By taking holiday days either side of your weekend, you’re getting two days of holiday ‘for free’ because you’re not using your paid time off.
Again, it can be a tiring way to travel if you get back in the evening and go to work the next morning. But it is by far the most effective way I’ve found to optimise my time off with limited annual leave available to me.
4. Ask your place of work for some flexibility in working hours
Figuring out how to travel more with a full time job doesn’t need to be hard work. Sometimes it’s as easy as asking your place of work if they have any flexible working policies.
When I was trying to maximise my weekend trips, I would often ask my manager if I could leave at 3pm or 4pm in order to make it to the airport on time, in exchange for this I would start my day earlier (7am at the office) or do the hours earlier in the week.
So many more companies are opening up to the idea of more flexible hours, especially if you don’t ask that often! If you’re a good worker who always gets things done on time, you might be surprised how willing to be lenient your boss is if you ask!
5. Travel at off-peak times of the day and in the off-peak seasons
This will really depend on when you want to travel, but if you have the flexibility, look at the off peak times or shoulder seasons to travel.
For Europe, I would always plan weekend city breaks in February and October/November because they’re the shoulder seasons when it’s less popular to visit, either because the weather isn’t as great or the Christmas markets haven’t started yet! Consider the peak time for travel to your destination before you book.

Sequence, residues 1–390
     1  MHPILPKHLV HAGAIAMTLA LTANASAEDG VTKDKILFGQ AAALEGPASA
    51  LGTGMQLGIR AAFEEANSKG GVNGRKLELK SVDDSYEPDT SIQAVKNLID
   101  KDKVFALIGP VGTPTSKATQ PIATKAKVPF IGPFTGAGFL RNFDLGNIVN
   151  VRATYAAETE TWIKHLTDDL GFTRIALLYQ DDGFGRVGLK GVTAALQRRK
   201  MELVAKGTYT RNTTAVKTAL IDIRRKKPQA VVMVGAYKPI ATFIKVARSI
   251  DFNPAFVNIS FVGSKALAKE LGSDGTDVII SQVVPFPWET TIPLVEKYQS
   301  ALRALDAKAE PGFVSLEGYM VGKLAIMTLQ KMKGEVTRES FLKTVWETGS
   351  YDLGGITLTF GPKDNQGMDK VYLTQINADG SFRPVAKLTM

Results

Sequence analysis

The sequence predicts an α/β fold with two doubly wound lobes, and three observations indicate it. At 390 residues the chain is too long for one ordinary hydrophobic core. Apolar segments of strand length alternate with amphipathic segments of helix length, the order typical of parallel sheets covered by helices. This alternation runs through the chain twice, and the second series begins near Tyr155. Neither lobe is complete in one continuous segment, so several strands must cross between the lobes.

Even if you are travelling during a peak season, look for the off-peak and less popular flight times instead.
For example, if I look at the Friday afternoon flight to Riga in Latvia. The 6pm flight was almost £100 more than the flight at 11pm. Obviously the 11pm flight is less popular because it means you’re arriving at your destination in the early hours of the morning and people don’t want that. But it’s a huge money saver, especially if you’re flying with one of those budget airlines!
6. Use budget airlines and look for last minute deals
Love them or hate them, budget airlines are your friend if you’re trying to figure out how to travel when you have a full time job.
Not only are they great if you’re on a budget, but their cheapest flights are often because they operate at weird, off-peak times of the day (see my point above).
I could never get a midnight flight to Romania with British Airways but I could always get one with Ryanair or Wizzair!
Sign up to their newsletters and look out for their seasonal sales, you’ll often find great weekend deals in those because they’re often trying to sell off the less popular flight times that I mentioned above.
The same goes for looking out for sales deals on American airline carriers and Australian carriers. Having spent a long portion of time in both countries, they often have sales on flights, especially domestic flights!
7. Using public holidays are a great way to maximise your leave but be prepared to pay more
Travelling on the holidays is always more expensive, but there is a way to do it to still take advantage of your time off and keep costs down.
While most people will travel out at the start of the bank holiday weekend and return at the end of it. I try to travel on the reverse. For example, on the Easter bank holiday weekend (Friday - Monday, 4 day weekend) I would fly out to Europe on the Sunday or Monday when most UK travellers are returning from their trips. You’re flying the less popular route and direction at a given time which often means cheaper fares.